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The All-Powerful Hand

We are programmed to trust. We want to believe.

If you want to survive in the Gutter, eventually you get that shit beat right out of you.

The All-Powerful Hand by Jonathan French




He was lying there in the rank smell of urine and shit, stiff, like a fish you left in the back of a pickup too long on a hot day. With his pants and underwear at his ankles, it was almost surreal seeing him there, in the basement of the church where my family knelt and prayed, sang and danced. With an open mouth and eyes wide open, stuck, frozen in time, his face was mashed against the cold cement floor. It was so much to take in, standing there seeing him. I didn’t dare move nor make a sound. I just stood and stared, listening to the music and the people I knew to be good dancing and celebrating Jesus in all His glory in the sanctuary above. 

It was Willard, the retarded boy who didn’t like to be touched by anyone he didn’t know. He was Mrs. Dowdy’s grandson, and she had taken him to every church service I ever been to. His beard was one of wonder, one that could never be groomed due to his erratic violent movements. He sat often in front of me and my family, and I would peer at him and wonder what he was thinking, him moving his head as if flies were all about. He was unique, gray haired at an early age, with yellow and black teeth that were usually clenched. He had aged eyes that seemed to look beyond this world and into another. I admired him, admired his blood vessels that ran wild, standing out of his arms like markings on a map. I admired his strength of throwing people about when they would try to place hands on him. He was almost a superhero in slacks, Willard, the retard. Now he was beneath me, dead in a puddle of his own piss with people dancing above, unbeknownst to his new form.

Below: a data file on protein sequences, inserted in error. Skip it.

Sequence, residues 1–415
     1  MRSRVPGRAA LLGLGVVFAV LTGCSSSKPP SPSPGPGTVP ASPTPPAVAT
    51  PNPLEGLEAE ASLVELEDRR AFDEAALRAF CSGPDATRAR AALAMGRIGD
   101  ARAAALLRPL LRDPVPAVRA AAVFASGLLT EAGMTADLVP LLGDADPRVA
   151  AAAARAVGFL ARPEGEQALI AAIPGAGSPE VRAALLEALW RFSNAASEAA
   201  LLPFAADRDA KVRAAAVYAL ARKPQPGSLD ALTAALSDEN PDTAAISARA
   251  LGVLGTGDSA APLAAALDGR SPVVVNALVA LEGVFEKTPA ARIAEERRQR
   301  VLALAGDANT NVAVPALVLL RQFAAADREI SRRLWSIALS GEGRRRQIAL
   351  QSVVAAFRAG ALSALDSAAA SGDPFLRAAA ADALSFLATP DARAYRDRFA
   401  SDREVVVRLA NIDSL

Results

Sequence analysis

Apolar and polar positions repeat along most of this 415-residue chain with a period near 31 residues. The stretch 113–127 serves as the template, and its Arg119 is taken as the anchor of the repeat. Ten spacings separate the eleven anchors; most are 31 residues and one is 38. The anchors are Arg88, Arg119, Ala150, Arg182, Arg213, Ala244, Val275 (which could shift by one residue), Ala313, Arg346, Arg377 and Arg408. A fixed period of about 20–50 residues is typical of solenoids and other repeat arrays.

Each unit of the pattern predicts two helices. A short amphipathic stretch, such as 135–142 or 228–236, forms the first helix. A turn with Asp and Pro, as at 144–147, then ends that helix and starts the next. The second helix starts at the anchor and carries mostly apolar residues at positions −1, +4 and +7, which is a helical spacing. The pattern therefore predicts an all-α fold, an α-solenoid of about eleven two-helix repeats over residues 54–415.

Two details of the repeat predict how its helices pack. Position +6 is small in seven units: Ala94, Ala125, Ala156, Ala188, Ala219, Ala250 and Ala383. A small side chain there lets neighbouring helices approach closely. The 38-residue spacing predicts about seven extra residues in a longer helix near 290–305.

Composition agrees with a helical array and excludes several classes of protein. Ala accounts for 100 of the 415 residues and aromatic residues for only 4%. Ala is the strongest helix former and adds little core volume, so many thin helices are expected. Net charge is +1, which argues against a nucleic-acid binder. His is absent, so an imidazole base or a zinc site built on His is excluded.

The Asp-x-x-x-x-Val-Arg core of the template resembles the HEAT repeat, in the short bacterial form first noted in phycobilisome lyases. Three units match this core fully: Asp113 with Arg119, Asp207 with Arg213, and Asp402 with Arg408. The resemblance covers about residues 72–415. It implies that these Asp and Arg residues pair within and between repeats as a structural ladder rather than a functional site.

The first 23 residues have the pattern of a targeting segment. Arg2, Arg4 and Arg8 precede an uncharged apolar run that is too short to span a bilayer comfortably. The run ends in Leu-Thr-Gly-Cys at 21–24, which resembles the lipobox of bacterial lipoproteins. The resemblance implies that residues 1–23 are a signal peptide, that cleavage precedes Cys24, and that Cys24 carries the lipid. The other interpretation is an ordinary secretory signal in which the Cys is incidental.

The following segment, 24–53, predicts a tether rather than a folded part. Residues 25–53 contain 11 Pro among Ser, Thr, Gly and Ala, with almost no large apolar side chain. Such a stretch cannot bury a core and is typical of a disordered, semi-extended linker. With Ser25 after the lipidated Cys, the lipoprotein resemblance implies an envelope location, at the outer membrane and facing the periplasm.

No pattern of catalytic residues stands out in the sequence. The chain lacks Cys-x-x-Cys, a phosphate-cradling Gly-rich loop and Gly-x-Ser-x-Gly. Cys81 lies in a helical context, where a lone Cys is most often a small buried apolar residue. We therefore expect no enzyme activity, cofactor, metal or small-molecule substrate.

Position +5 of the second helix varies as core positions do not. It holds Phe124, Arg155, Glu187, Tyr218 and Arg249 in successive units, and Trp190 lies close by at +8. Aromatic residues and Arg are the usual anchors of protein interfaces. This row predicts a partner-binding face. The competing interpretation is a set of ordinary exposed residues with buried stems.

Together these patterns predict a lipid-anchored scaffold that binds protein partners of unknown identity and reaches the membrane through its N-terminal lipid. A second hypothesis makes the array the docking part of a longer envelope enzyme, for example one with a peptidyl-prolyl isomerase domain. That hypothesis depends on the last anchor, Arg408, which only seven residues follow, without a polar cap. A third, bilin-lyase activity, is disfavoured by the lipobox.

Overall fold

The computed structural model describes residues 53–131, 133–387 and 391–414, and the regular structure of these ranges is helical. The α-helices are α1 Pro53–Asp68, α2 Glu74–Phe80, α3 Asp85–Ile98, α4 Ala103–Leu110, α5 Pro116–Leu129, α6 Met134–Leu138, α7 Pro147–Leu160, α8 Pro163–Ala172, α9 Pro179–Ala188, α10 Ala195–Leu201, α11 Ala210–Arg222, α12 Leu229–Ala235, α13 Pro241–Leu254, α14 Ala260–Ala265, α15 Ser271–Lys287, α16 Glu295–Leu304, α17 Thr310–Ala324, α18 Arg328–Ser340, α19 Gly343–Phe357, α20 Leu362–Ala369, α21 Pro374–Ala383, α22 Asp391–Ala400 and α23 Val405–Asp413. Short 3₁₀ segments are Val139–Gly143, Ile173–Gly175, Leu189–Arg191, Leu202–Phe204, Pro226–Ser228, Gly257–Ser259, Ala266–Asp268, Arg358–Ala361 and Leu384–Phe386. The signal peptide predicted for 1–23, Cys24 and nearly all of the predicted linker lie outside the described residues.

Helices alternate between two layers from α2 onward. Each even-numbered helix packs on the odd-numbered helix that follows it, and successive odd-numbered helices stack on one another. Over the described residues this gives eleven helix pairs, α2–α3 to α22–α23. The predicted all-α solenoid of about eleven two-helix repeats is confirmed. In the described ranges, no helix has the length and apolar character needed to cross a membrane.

A hand was placed on my shoulder coming from nowhere, startling me, almost like it was a hand of God himself. It was Brother Rick, dressed in black as always, holding me, reassuring me. Standing there we looked at poor Willard. 

“Dear Lord, what in the world was he doing,” Brother Rick said calmly, clenching me close, my elbow at his waist.

I was young and didn’t know a lot, but I knew it wasn’t what Willard was doing, rather what had been done to him. With tears in my eyes waiting to fall, my body tensed up with every movement of Brother Rick’s big hairy hand, working its way up my neck as I looked at the last of my mindless superhero. I thought I was special. I thought I was the only one. I thought if I could’ve been Willard I would’ve been strong enough, mindless enough, to fight back; I wasn’t, and neither was he.


Jonathan French is a well dressed skank. Of this story, he says: it is based on a man who molested children in Fulton, KY, during the '90's. He was a youth leader at a church I attended and to my acknowledgment is still in prison today. The mentally retarded man that passed away in the basement is very real. The aspect of how he died in this piece is fiction ... or is it? I'm not sure anyone really knows.